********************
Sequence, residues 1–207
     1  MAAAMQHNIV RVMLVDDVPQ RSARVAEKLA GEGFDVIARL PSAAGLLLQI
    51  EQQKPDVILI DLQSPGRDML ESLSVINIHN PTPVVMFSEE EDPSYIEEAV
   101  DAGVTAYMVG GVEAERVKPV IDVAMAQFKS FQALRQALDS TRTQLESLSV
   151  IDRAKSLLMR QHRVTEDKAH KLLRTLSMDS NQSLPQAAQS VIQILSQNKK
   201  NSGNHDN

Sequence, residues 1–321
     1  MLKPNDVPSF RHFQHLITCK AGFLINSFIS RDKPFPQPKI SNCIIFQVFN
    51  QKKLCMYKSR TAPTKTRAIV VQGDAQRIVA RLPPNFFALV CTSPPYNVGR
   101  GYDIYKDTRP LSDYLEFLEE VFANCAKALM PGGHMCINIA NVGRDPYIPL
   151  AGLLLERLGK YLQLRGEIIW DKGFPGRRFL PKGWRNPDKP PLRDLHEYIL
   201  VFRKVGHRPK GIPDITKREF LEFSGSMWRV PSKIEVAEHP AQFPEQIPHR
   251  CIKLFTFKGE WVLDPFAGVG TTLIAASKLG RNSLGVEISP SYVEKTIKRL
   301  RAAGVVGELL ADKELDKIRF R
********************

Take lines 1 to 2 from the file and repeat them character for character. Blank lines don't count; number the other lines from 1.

Sequence, residues 1–207
     1  MAAAMQHNIV RVMLVDDVPQ RSARVAEKLA GEGFDVIARL PSAAGLLLQI